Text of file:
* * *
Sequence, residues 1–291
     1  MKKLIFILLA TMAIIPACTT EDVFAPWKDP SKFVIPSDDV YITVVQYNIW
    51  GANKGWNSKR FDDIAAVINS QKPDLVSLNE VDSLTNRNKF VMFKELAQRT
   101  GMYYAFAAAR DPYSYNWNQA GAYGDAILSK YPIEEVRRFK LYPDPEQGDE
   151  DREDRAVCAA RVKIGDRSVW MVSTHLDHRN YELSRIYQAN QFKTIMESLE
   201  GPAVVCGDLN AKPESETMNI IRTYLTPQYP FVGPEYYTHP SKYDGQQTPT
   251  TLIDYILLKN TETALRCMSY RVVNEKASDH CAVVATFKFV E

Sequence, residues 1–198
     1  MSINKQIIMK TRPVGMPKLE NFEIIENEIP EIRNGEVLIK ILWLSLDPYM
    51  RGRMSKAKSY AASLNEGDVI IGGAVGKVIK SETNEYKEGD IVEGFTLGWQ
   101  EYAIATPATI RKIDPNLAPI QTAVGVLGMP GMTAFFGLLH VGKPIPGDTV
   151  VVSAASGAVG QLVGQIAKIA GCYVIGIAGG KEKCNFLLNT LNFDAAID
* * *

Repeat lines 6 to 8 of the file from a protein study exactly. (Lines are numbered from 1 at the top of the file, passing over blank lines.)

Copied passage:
   201  GPAVVCGDLN AKPESETMNI IRTYLTPQYP FVGPEYYTHP SKYDGQQTPT
   251  TLIDYILLKN TETALRCMSY RVVNEKASDH CAVVATFKFV E

Sequence, residues 1–198